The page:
Crowdfunding is becoming more and more popular. While it has been around for a good long time, it was only about ten years ago that crowdfunding began to catch the public’s eye. Now, companies and people are increasingly turning to platforms like Kickstarter instead of traditional publishers and investors to get their funding.
With crowdfunding, as its name suggests, funding comes directly from the “crowd”, or a large number of interested individuals. Instead of a company getting an initial investment from a small group of people who expect certain high returns and a level of direction over their investment, crowdfunding enables a company to say, “This is what we want to do–if you’d like to see it happen, we need your help.” Interested parties contribute to the cause, and when enough pledges are made, funding happens and the company builds their product. Those who donate have little say in what the final product will look like, but they don’t have to, since they wouldn’t have donated if they didn’t already like the product.
I love crowdfunding in my favorite entertainment genre: video games. My first experience with crowdfunding was Steve Grand’s spiritual successor to the Creatures artifical-life series, Grandroids. I’ve also supported Xing: The Land Beyond; The Big Blue, from the creator of Ecco the Dolphin (which unfortunately did not receive enough pledges to be funded); and the campaign that broke all crowdfunding records (and continues to do so), Star Citizen, from the creator of the Wing Commander series. I also cheered on two Myst-related projects: Unwritten: Adventures in the Age of Myst and Beyond; and Obduction, the latest offering the company behind Myst, Cyan Worlds, Inc.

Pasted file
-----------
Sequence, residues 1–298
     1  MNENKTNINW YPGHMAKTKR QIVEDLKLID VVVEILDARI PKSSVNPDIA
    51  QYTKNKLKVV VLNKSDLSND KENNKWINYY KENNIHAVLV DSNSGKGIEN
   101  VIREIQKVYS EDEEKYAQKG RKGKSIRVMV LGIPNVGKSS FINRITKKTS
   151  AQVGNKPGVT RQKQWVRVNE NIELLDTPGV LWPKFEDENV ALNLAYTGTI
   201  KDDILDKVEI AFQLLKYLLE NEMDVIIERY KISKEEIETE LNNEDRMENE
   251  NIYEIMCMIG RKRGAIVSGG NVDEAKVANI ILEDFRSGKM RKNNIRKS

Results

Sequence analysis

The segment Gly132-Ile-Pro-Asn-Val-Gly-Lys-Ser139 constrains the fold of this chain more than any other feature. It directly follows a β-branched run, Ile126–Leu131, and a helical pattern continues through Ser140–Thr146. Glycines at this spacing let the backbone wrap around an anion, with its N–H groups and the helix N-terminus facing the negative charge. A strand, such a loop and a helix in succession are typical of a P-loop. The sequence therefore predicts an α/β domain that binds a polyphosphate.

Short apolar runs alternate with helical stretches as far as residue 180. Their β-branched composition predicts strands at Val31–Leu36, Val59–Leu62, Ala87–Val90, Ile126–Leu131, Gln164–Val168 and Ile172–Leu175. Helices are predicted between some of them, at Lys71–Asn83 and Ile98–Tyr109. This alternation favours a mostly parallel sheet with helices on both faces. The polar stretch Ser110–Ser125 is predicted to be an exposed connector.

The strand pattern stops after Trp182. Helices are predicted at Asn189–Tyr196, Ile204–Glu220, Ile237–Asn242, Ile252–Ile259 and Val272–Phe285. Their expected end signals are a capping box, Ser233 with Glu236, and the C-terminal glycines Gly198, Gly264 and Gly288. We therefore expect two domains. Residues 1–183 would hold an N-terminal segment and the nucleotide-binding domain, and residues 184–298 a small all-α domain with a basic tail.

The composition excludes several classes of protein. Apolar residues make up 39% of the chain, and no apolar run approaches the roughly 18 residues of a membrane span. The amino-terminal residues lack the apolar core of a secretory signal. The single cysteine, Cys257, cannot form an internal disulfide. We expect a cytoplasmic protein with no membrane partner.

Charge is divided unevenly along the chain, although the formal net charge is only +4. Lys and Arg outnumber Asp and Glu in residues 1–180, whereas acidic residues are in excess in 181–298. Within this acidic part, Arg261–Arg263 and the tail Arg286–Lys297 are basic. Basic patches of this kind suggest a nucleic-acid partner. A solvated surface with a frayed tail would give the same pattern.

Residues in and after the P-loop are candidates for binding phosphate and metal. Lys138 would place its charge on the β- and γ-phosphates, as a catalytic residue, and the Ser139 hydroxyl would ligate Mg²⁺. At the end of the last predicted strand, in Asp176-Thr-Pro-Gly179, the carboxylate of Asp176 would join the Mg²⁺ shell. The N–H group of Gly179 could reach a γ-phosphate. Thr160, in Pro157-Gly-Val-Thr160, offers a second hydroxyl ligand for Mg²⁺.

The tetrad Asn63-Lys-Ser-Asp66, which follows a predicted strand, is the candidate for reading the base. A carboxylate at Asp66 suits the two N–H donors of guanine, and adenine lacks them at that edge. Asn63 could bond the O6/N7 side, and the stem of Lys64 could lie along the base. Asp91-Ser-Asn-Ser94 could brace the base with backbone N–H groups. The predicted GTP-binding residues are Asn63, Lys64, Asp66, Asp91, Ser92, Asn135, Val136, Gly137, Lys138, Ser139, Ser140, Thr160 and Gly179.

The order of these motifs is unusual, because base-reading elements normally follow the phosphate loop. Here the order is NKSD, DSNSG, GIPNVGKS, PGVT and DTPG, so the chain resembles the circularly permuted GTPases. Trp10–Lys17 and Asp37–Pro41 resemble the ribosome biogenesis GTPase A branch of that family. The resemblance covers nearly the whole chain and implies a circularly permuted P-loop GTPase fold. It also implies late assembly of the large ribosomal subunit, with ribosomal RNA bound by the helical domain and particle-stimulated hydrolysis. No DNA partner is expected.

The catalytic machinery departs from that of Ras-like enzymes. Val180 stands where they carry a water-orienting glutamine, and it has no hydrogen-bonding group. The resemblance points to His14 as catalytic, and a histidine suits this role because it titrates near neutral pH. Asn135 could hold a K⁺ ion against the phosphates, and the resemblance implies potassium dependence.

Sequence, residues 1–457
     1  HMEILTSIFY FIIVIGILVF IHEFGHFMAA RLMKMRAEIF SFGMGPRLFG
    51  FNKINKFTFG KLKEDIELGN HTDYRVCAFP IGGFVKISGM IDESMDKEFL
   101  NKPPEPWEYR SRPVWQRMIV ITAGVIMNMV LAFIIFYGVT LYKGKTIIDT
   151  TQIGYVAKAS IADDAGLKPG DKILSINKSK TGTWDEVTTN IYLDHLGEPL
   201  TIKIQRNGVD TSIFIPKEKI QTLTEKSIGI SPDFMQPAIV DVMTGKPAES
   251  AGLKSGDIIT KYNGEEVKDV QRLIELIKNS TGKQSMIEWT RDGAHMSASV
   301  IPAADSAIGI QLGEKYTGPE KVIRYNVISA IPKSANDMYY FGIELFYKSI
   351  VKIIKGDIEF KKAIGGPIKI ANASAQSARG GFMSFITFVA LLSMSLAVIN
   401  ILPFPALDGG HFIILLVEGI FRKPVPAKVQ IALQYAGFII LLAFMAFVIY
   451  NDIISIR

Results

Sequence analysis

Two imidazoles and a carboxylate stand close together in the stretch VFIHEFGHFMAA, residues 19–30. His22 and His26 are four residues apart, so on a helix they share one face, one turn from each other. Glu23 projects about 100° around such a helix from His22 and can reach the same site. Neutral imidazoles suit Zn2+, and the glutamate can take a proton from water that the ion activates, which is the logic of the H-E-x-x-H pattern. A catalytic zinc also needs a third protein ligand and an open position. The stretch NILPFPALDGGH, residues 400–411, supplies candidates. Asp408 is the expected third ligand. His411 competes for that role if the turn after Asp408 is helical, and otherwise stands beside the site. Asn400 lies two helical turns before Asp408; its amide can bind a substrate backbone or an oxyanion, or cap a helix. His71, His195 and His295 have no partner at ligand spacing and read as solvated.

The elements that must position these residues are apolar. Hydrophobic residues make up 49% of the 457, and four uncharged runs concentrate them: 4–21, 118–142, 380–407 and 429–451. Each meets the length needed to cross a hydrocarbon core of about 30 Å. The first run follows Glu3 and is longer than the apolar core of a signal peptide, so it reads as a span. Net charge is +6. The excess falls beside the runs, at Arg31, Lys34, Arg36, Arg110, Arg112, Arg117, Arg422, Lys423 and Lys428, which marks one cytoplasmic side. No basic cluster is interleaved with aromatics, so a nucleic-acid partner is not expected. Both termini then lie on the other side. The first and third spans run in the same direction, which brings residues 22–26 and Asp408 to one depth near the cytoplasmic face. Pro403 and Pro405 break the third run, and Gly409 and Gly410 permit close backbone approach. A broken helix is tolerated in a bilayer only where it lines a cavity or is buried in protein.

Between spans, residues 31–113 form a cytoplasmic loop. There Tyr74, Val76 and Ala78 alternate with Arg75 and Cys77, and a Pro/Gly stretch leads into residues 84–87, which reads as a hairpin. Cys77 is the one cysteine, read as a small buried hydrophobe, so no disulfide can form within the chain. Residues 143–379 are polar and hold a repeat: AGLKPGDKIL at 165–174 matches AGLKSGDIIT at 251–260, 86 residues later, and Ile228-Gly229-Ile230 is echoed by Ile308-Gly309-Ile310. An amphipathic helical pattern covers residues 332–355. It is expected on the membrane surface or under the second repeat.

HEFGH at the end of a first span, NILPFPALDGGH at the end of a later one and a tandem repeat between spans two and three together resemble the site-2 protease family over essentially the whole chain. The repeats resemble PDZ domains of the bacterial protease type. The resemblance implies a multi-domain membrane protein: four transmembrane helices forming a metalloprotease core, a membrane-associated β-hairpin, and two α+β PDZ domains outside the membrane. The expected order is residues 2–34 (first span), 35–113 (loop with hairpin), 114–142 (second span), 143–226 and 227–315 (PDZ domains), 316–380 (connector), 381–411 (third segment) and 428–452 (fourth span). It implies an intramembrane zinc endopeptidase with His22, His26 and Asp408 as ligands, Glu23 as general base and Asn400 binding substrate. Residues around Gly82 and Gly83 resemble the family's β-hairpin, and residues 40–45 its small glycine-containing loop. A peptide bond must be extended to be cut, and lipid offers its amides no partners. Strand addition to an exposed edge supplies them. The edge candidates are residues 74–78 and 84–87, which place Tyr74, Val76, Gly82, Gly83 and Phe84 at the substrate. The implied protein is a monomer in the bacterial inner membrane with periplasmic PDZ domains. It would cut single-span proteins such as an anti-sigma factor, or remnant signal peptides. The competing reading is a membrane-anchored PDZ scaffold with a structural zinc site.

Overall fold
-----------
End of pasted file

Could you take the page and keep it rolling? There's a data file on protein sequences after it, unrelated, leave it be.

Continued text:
It occurred to me that the congregation is somewhat like a crowdfunded venture. I can’t think of too many churches off the top of my head where the funding comes from an external source and the congregation gives to “recoup” the initial investment, like in the traditional investor model for a company. The church building is an exception (mortgages mortgages mortgages!), as is the congregation with an endowment fund so large that all of their financial needs are met by the interest payouts.
Instead, the members of the community give their money to support the ongoing work. They each give something, big or little, because the believe in the community and what ir provides. The congregation survives on donations from “the crowd”. The money for events, supplies, and salaries all comes from the community itself. This has its advantages and its disadvantages.
Advantage: There is a strong sense of ownership in the community. The life of the congregation and its financial capabilities rests in the hands of the community.
Disadvantage: All of the money is pooled and distributed by a central group within the community. While this works most of the time, the door is left open for abuse by those holding the purse strings.
Advantage: The community is not subject to pressures from an external source seeking to engage in Executive Meddling, people at the top who are disconnected from the life of the community making demands because it is their money.
Disadvantage: The community does this all on its own.
Advantage: The possibilities of the community are limited only by the capabilities of the community.
Disadvantage: The possibilities of the community are limited by the capabilities of the community. A small, poorer community will have a much harder time.
Of course, money should be a small part of a community’s identity. It tends to become THE community identity, along with the mystical Membership Roster. Money runs our society, for good and for ill. Hopefully, the advantages of the community-based fundraising that is so important to the survival of the congregation outweighs the nasty disadvantages that can come with it.
Coming up next: Crowdsource Theology?